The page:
Bowing to the Inevitable
The Supreme Court declared open season on the nation’s streams and wetlands. New regs are the result.
On August 25, EPA and the Army Corps of Engineers (“the agencies”) issued a joint rule, which modifies their previous rule on federal jurisdiction under the Clean Water Act in order to conform with the Supreme Court’s Sackett decision. Sackett was a deeply misguided and harmful ruling — but it is nevertheless the law. The agencies’ new rule attempts to sync their existing approach with the Sackett decision while doing no more damage than necessary to the environment.
The new rule does not change federal jurisdiction over navigable or interstate waters. Navigable is still defined fairly broadly, to include waters that are “currently used, or were used in the past, or may be susceptible to use in interstate or foreign commerce, including all waters which are subject to the ebb and flow of the tide.”
Consistent with Sackett, the new regulation drastically limits the types of streams, lakes, and wetlands subject to federal jurisdiction:
- Federal jurisdiction cannot be based solely on the significance of the hydrological connection between a wetland or stream and a navigable/interstate waterway.
- Wetlands that straddle state lines are no longer covered.
- Tributaries of interstate/navigable waters are covered only if they are “relatively permanent, standing or continuously flowing bodies of water.”
- A wetland is covered only if it has a “continuous surface connection” with an interstate/navigable water or its tributaries.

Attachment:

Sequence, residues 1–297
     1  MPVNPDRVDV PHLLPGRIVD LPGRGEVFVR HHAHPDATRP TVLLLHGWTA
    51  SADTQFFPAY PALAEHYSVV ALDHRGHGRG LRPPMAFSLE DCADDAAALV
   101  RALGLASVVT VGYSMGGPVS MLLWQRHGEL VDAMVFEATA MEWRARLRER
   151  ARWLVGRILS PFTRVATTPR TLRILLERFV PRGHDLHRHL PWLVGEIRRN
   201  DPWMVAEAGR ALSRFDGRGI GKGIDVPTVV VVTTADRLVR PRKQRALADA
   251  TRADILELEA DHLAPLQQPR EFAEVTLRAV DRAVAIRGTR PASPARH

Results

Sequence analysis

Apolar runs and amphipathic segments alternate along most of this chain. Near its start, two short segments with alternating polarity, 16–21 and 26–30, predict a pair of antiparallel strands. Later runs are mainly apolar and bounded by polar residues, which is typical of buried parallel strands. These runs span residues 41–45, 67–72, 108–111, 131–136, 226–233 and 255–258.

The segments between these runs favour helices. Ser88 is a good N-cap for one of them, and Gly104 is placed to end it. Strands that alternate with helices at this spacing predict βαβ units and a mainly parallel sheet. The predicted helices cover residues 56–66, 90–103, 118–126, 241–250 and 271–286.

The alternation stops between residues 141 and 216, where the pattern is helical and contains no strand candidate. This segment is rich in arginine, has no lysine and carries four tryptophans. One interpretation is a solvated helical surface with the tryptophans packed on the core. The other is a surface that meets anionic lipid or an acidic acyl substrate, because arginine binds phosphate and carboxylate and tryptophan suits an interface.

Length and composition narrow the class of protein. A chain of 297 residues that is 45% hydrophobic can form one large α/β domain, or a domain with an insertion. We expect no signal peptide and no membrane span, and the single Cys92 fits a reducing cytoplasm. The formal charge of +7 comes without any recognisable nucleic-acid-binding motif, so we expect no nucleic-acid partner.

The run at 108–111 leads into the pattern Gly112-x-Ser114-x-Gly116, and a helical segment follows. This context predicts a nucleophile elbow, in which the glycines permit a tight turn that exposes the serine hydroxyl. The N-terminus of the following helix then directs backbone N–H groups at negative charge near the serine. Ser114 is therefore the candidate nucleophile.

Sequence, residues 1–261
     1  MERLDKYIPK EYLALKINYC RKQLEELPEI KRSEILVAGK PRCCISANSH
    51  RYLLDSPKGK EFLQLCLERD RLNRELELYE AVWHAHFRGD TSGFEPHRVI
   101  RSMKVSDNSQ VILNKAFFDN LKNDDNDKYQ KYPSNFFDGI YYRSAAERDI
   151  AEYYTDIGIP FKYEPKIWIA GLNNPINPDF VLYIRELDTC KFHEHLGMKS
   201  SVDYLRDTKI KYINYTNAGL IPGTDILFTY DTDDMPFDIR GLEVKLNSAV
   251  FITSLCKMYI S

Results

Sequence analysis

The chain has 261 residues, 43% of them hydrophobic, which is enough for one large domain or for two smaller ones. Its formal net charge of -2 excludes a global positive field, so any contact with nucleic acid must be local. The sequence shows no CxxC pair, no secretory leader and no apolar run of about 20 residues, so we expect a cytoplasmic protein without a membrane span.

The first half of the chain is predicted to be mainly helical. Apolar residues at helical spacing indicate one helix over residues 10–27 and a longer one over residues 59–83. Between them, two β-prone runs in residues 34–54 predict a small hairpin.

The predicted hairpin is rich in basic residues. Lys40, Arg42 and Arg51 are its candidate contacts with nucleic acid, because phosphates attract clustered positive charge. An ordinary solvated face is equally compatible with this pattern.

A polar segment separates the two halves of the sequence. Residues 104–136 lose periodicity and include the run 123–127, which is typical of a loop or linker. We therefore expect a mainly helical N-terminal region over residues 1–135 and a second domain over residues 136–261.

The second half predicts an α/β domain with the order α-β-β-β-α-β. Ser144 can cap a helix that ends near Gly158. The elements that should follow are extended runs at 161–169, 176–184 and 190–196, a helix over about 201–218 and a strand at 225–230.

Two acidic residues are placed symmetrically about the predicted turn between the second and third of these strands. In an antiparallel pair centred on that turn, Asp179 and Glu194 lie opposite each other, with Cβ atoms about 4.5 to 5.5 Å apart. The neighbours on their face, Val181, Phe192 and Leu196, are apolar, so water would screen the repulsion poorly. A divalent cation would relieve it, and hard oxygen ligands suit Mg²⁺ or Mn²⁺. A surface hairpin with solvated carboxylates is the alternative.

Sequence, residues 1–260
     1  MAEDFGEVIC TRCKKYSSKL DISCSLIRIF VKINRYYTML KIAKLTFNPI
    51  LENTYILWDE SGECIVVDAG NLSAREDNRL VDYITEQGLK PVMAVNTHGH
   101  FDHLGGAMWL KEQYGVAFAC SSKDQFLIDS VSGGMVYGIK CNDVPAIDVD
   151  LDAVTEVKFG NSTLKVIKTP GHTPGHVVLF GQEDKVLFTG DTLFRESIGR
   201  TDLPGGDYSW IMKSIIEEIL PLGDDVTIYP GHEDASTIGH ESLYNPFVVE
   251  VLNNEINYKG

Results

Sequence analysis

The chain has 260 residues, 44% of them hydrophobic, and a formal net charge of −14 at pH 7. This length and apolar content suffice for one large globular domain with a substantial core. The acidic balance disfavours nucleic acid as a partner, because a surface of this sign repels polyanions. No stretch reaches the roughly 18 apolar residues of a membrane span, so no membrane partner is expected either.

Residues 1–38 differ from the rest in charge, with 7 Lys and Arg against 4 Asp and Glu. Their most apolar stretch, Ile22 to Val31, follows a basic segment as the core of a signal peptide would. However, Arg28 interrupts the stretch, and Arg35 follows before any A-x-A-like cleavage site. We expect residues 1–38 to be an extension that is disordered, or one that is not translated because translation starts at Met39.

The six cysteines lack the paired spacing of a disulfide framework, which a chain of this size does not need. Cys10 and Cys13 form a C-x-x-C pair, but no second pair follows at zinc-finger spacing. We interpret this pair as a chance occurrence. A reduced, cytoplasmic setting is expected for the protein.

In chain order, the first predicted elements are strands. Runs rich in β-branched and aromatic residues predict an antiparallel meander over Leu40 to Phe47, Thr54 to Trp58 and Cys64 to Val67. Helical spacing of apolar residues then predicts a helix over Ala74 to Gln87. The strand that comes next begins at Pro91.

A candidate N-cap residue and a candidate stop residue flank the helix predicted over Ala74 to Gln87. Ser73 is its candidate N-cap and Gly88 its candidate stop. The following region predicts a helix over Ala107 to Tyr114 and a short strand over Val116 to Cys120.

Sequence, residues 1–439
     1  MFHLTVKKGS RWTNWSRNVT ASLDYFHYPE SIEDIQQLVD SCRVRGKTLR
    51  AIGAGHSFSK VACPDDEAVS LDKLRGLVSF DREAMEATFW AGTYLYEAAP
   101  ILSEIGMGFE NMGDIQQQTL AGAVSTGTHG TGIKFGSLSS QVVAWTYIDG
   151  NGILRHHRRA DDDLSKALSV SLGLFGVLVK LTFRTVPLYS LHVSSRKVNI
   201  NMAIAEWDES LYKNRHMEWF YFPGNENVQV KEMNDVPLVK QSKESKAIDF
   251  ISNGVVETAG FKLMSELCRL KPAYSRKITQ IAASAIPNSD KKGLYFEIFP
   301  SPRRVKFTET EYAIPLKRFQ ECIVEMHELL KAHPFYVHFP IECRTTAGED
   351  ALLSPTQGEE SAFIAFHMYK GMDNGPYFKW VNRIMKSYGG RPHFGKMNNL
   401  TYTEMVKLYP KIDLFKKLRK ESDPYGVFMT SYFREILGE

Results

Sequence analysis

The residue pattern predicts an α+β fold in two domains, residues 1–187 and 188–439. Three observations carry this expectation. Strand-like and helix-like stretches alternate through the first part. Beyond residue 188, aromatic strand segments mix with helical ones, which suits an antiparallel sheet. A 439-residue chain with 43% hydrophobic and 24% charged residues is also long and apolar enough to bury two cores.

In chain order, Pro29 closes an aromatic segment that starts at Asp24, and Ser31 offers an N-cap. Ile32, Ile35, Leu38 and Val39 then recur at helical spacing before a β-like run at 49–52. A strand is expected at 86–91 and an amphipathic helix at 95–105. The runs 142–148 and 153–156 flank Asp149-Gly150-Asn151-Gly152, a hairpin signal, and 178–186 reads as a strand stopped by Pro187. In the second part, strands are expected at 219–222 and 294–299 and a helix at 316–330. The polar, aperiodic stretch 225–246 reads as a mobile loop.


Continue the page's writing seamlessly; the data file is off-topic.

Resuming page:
- Intrastate lakes and ponds are also covered only if they are “relatively permanent, standing or continuously flowing bodies of water with a continuous surface connection” to navigable/interstate waters.
Notably, the revised regulation does not attempt to define key terms used by the Supreme Court such as “continuous surface connection” or “relatively permanent.” (The latter term is most important in the West, where many water bodies dry up at times.) Instead, it leaves the application of these terms to the discretion of the lower-level officials in charge of enforcing the Clean Water Act, who hopefully do what they can to apply these terms in a way that minimizes environmental destruction.
In Sackett, the Supreme Court faced a choice. It could uphold a scientifically sound approach to achieving the goals of the Clean Water Act, thereby preventing water pollution, preserving key ecological systems, and mitigating flood risks. Or it could consult its favorite dictionaries (here, Webster’s 2nd and a couple of others chosen at random), and revert to archaic conceptions of federal authority. Sadly but predictably, the Court chose the second option.
As I’ve discussed in an earlier post, I do think there are some other available mechanisms to limit the damage. But in terms of defining federal jurisdiction under the Clean Water Act, the agencies didn’t have much choice. Hopefully, this will at least temporarily slake the desire of conservatives to trash our nation’s wetlands and streams in the name of property rights.
Congressional Republicans are apparently talking about using the Congressional Review Act block this new regulation because they think it doesn’t do enough to conform to the Court’s ruling. Apart from the fact that Biden would inevitably veto this effort, it’s a particularly misguided idea. The regulation simply amends parts of a previous rule to make it conform to the Supreme Court’s decision. If Congress were to overturn the regulation, the Congressional Review Act prohibits the agencies from ever doing the same thing again. In other words, they would never be allowed to bring those parts of the earlier rule into conformity with the Court’s decision. For those who agree with the Court, that would be a crazy outcome.